Because you work in marketing, you assume your problems and challenges are the same as everyone else.
Or that every tech startup founder is a t-shirt and jeans wearing, chai tea sipping millennial.
Also, you can try this free customer persona template to help and guide you through the process.
Focus on challenges, not job titles
So, instead of focusing on job titles and personal traits, focus on the challenges people might be trying to overcome.
Let’s say you’re selling accounting software.
Now Alan in accounting might want to buy new accounting software to move the process more digital – he’s finally got fed up of looking through filing cabinets.
So for Alan your marketing is focused on accounting software for improving efficiency.
But Joanne who runs the company is only interested in accounting software that makes it easier to understand reporting so she can plan the future of the business.
And that changes the messaging.
If you base your buyer personas on assumptions that the only people interested in accounting software is the accounting team, you’re missing a big opportunity to grow your target audience and sales potential.
But if you focus on understanding the challenges the different people looking for your services are trying to overcome, you can be way more effective with your marketing.
Stop using assumptions in your buyer persona
If you reread HubSpot’s definition of a buyer persona, you’ll notice a key phrase:
“Based on research”.
This is key.
Too many buyer personas are based on guesswork, when you should be interviewing your current customers.
Remember, your current customers are experiencing the challenges you’re helping people overcome.
And they’ve actually chosen you as their supplier.
So they’re an ideal resource to help you understand challenges, the process they went through to find the right product or service and, importantly, why they chose you.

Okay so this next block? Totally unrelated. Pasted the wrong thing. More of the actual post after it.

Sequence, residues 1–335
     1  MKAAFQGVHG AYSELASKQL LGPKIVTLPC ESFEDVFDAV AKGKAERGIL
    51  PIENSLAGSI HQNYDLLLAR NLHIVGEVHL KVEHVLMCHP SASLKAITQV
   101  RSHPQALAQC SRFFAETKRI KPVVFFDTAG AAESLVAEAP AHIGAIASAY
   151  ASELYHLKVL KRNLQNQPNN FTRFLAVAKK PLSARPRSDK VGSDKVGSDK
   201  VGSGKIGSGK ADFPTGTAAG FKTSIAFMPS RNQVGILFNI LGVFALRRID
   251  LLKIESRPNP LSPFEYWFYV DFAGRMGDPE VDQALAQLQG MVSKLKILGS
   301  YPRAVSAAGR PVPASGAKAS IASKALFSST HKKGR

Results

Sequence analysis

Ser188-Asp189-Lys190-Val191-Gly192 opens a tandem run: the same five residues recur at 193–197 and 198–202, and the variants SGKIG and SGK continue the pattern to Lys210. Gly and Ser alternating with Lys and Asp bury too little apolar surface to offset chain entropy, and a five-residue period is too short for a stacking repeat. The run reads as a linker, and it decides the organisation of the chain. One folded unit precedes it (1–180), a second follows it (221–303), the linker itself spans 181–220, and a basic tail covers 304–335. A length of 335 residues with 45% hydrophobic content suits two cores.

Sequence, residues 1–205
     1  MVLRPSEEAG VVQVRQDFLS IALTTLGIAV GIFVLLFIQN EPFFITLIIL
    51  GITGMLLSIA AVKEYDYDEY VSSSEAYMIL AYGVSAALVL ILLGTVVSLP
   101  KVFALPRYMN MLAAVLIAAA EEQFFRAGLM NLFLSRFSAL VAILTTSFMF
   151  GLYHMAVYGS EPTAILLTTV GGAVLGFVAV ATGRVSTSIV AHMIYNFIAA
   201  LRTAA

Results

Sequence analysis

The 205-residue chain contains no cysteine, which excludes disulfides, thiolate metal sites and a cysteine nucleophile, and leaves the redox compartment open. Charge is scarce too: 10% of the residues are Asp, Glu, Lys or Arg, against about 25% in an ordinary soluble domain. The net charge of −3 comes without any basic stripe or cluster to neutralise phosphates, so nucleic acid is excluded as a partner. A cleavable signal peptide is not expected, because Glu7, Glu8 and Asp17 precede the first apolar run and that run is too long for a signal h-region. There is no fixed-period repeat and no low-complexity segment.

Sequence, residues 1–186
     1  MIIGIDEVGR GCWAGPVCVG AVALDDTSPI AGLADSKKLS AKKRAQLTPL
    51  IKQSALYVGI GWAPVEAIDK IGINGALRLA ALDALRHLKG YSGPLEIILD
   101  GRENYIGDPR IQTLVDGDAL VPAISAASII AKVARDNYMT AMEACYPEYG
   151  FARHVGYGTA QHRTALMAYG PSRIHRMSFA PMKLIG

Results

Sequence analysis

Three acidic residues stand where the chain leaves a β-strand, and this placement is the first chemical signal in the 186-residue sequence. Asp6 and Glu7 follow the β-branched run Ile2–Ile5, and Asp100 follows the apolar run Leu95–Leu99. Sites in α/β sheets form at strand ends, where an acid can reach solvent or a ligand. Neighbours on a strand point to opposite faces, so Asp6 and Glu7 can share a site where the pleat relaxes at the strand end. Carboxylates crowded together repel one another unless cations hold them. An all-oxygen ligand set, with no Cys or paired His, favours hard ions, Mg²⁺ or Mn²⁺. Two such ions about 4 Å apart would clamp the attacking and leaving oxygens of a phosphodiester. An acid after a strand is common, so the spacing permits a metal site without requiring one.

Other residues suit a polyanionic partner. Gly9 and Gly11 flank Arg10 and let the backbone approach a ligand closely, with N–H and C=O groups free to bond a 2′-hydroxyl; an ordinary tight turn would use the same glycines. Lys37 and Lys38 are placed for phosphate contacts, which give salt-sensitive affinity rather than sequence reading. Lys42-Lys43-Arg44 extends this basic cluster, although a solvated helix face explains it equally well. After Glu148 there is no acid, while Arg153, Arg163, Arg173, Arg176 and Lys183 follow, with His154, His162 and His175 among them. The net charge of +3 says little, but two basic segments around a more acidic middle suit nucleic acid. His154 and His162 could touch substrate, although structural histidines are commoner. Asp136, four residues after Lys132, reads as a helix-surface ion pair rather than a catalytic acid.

Don’t fall into the trap of only using your sales and marketing teams to come up with who they think your ideal customer is.
That’s a sure way to end up with inaccurate buyer personas.
Use your buyer personas
This is the biggest sin of the way buyer personas are created.
You go through the process of having buyer persona workshops.
You interview your customers, compile your data, fill in the gaps with your educated guesses and have your persona documents.
Then you put them away and never use them again.
Too often, buyer personas are viewed as a checkbox task.
You do them to say you’ve done them.
But your buyer personas should be a live document.
You should use them to guide your content creation today, and continue building on them as you get more data and feedback.
Business moves quickly.
So the problems your personas have today, might not be the same in a year or two.
If you never go back to your personas, they’ll quickly become useless.
Your buyer personas are an important part of any SEO content strategy.
To see how they fit in to your wider marketing activity, read our complete guide to SEO content strategy here.